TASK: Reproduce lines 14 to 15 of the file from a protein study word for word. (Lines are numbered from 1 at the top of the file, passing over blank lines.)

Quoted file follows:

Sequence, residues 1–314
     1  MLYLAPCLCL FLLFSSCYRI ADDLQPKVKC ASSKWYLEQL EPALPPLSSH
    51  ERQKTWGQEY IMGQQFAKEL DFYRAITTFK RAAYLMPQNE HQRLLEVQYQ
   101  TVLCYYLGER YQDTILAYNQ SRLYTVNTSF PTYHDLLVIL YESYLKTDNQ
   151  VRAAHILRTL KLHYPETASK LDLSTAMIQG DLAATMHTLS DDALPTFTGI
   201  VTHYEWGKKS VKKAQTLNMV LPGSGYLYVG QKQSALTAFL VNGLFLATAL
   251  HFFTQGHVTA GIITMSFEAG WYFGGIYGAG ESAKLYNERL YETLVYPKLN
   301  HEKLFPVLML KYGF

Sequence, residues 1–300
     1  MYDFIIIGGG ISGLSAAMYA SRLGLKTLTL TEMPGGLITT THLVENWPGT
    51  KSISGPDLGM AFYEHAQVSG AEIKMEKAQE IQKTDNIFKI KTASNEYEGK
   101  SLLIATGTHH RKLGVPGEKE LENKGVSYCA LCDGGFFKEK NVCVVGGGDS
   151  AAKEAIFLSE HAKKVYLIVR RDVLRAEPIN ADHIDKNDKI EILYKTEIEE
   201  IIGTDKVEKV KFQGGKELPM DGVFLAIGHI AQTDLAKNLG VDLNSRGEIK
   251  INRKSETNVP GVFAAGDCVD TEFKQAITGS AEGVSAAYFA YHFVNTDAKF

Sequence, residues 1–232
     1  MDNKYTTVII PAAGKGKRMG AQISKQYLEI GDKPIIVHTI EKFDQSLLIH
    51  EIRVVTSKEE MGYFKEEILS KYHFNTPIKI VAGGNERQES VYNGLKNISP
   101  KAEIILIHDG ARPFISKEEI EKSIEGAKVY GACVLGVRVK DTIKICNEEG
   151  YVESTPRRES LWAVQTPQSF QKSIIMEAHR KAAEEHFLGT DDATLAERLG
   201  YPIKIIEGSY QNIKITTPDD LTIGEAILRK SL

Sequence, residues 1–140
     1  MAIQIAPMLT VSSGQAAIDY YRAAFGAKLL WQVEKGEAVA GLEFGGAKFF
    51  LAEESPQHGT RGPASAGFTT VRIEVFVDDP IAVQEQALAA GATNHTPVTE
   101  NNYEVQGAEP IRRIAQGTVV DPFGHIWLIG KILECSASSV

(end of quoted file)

   201  IIGTDKVEKV KFQGGKELPM DGVFLAIGHI AQTDLAKNLG VDLNSRGEIK
   251  INRKSETNVP GVFAAGDCVD TEFKQAITGS AEGVSAAYFA YHFVNTDAKF